Aaron at startsandfits raises some valid concerns about the effectiveness of the monthly Critical Mass rides here in New York. Namely, does the increased awareness of cyclists outweigh the damage done to the cyclists’ image in some people’s eyes?
This is a tough question to answer. In the past several months, Critical Mass has become the target of increased attention from the city’s administration and the police department. The city’s sometimes overzealous attempts to quell the ride have spawned a fair amount of media attention as well. One would think that this increased attention is good for the cause, but is it really?
On the eve of a new year, it would seem that the City and the Critical Mass riders are in a pissing match in which neither side is willing to step down. The City doesn’t want to send the message that a bunch of people can run (or ride) amok once a month and the riders do not want to organize and apply for parade permits (which will probably be denied). Both sides have valid points, so what is the solution?
If there is a solution to be had, it will need to come from the riders. No matter how many favorable court decisions there are, the City will continue to throw blockades in front of the ride each month. The City as more resources at its disposal to exact control over the cyclists than the cyclists have to fight the city in court. Rather than continuing down the same road, it is time for the riders to be a little more creative in raising awareness of their cause.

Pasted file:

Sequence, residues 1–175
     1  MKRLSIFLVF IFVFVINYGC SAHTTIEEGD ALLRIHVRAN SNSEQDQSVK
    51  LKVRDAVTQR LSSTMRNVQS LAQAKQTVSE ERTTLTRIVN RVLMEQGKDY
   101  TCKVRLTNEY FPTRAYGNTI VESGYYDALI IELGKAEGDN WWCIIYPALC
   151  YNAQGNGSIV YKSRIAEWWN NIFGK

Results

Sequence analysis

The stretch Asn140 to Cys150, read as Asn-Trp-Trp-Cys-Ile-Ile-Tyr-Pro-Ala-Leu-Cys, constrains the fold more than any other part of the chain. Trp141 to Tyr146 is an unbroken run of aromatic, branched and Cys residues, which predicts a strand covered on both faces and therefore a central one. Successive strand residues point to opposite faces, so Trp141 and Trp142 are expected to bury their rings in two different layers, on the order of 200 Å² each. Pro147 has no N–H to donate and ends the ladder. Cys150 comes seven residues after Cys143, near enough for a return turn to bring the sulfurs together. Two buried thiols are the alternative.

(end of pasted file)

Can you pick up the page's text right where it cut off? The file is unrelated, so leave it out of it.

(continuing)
Of the solutions I have seen batted around in various forums, I think the idea of breaking Critical Mass up into smaller groups might be the most effective, even if it is only a temporary situation. It is probably best if these groups of riders obey the traffic laws. This will demonstrate safe riding, and should prevent harassment and arrest. If small groups of cyclists are corralled and summarily arrested, that would only serve to raise awareness of the cause. It is doubtful that arrests would occur if there were no large pack to break away from and the small groups behave lawfully. It will also be very difficult for the police to follow the travels of many small groups. Perhaps after several months of these sorts of rides, a more traditional Critical Mass ride can occur without the hassles we have seen over the past few months.
Whether you agree with me or not, if you are riding in tonight’s Critical Mass. Be careful and have a good time!